State lawmakers have been very busy tackling cannabis issues in 2023, and the year is not over. As...
California’s AB 2188 passed the Legislature on August 30 and was approved by the Governor on September 18, 2022. The new law imposes limitations on employers, unlike any other state. Beginning January 1, 2024, California employers will be limited in testing employees for marijuana. In relevant part, the new law states as follows:
“(a) Tetrahydrocannabinol (THC) is the chemical compound in cannabis that can indicate impairment and cause psychoactive effects.
(b) The intent of drug tests is to identify employees who may be impaired. While there is consensus that an employee should not arrive at a worksite high or impaired, when most tests are conducted for cannabis, the results only show the presence of the nonpsychoactive cannabis metabolite and have no correlation to impairment on the job.
(c) As science has improved, employers now have access to multiple types of tests that do not rely on the presence of nonpsychoactive cannabis metabolites. These alternative tests include. . . tests that identify the presence of THC in an individual’s bodily fluids.” (Emphasis added)
The law adds Section 12954 to the Government Code to read:
(a) It is unlawful for an employer to discriminate against a person in hiring, termination, or any term or condition of employment, or otherwise penalizing a person, if the discrimination is based upon any of the following:
(1) The person’s use of cannabis off the job and away from the workplace. This paragraph does not prohibit an employer from discriminating in hiring, or any term or condition of employment, or otherwise penalize a person based on scientifically valid pre-employment drug screening conducted through methods that do not screen for nonpsychoactive cannabis metabolites. (Emphasis added)
(2) An employer-required drug screening test that has found the person to have nonpsychoactive cannabis metabolites in their hair, blood, urine, or other bodily fluids. (emphasis added)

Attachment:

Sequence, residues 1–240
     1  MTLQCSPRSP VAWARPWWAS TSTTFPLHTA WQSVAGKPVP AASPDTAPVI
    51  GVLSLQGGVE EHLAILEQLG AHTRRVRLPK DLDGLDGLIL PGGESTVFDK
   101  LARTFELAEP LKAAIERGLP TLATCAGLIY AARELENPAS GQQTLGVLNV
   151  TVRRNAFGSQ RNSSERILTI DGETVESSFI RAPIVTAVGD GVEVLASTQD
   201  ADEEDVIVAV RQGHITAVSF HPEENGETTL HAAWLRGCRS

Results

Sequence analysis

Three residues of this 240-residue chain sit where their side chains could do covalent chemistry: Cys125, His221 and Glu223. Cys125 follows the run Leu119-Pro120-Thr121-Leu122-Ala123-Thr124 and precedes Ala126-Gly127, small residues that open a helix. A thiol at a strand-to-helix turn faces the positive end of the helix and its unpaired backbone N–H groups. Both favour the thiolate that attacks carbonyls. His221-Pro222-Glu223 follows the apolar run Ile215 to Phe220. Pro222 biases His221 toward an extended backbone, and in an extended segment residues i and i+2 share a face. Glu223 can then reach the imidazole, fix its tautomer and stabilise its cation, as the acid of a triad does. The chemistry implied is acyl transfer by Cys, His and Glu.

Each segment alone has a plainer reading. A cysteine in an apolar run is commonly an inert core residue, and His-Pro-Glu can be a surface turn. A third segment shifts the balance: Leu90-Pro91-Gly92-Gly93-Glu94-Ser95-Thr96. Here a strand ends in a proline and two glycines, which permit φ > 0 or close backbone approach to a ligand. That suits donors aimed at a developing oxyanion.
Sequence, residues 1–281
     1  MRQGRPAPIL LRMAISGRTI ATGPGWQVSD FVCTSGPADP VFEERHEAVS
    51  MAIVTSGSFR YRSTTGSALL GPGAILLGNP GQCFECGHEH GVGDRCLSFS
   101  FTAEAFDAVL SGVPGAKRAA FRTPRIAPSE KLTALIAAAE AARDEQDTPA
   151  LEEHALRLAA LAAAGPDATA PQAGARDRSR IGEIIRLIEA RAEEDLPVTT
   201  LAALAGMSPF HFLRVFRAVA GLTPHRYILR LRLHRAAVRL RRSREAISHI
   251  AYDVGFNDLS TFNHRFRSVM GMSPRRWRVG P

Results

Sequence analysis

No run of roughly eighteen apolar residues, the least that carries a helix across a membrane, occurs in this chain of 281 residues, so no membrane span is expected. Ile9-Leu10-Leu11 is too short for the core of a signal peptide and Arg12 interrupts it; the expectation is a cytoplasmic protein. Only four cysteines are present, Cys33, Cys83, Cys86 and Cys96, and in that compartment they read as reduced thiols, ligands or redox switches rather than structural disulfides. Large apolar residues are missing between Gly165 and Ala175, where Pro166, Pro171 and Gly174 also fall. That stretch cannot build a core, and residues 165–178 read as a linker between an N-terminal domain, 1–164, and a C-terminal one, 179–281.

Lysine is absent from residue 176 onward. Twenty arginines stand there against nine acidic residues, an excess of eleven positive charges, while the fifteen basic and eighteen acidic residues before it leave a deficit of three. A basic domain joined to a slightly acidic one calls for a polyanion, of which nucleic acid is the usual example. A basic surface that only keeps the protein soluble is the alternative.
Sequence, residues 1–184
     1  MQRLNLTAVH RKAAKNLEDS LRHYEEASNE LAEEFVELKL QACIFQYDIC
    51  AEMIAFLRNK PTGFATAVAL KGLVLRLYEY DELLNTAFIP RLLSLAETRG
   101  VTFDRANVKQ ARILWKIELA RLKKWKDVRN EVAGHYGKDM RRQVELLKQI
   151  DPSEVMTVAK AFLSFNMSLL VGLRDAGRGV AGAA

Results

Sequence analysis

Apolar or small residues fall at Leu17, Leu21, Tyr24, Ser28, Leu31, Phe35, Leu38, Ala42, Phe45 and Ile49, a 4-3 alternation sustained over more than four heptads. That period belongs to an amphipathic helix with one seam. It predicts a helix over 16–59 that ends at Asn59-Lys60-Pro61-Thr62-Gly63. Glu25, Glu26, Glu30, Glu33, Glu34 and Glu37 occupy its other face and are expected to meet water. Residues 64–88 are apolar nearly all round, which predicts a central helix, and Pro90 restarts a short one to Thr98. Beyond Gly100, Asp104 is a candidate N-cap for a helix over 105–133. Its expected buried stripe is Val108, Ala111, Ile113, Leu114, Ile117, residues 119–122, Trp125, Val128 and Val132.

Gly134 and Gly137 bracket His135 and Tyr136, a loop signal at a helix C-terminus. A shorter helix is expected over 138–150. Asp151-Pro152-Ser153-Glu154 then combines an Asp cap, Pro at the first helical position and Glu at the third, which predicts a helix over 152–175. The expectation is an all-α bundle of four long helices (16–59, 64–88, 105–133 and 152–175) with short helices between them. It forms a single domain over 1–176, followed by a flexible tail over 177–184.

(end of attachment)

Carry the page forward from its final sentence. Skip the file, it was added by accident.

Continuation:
The law provides that employees cannot possess, be impaired by, or use cannabis on the job. Under state law, employers are specifically permitted to have a drug and alcohol-free workplace. Employer rights under federal law or regulation are also unaffected.
The new law exempts employees in the “building and construction trades” and applicants and employees hired under Department of Defense regulations, other federal agencies, or those applying for or working under a federal contract or grant.
Where does that leave all other employers?
Beginning January 1, 2024, employers who wish to take action against an applicant or employee must do so based on a drug test that identifies “Tetrahydrocannabinol (THC)” or a metabolite that “correlation to impairment on the job.”
To our knowledge, no such testing capability exists in the market today to test solely for THC and not its metabolites.
Many public and private organizations are working on test capabilities to determine the presence of THC or other metabolites that correlate to impairment on the job. At least one such organization will be ready to meet the January 1, 2024, deadline.
California will join New York, New Jersey, New York City & Philadelphia in prohibiting pre-employment testing of marijuana. This trend is expected to grow over the next few years, with many other states and municipalities adopting similar rules. For now, employers in California must examine their job descriptions to determine if they meet the exemptions of the new law.